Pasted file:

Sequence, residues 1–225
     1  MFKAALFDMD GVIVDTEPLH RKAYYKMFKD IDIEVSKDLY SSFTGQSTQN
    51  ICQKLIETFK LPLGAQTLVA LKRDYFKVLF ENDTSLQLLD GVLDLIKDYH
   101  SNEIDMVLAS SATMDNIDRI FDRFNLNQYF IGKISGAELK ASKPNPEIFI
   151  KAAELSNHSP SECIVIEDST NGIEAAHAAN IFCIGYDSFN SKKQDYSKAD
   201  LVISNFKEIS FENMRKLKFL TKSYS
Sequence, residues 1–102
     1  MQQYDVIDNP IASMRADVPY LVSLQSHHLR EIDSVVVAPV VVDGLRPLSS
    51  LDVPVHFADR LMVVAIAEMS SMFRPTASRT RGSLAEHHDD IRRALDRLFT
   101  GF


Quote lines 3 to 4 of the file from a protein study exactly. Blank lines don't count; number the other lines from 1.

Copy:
    51  ICQKLIETFK LPLGAQTLVA LKRDYFKVLF ENDTSLQLLD GVLDLIKDYH
   101  SNEIDMVLAS SATMDNIDRI FDRFNLNQYF IGKISGAELK ASKPNPEIFI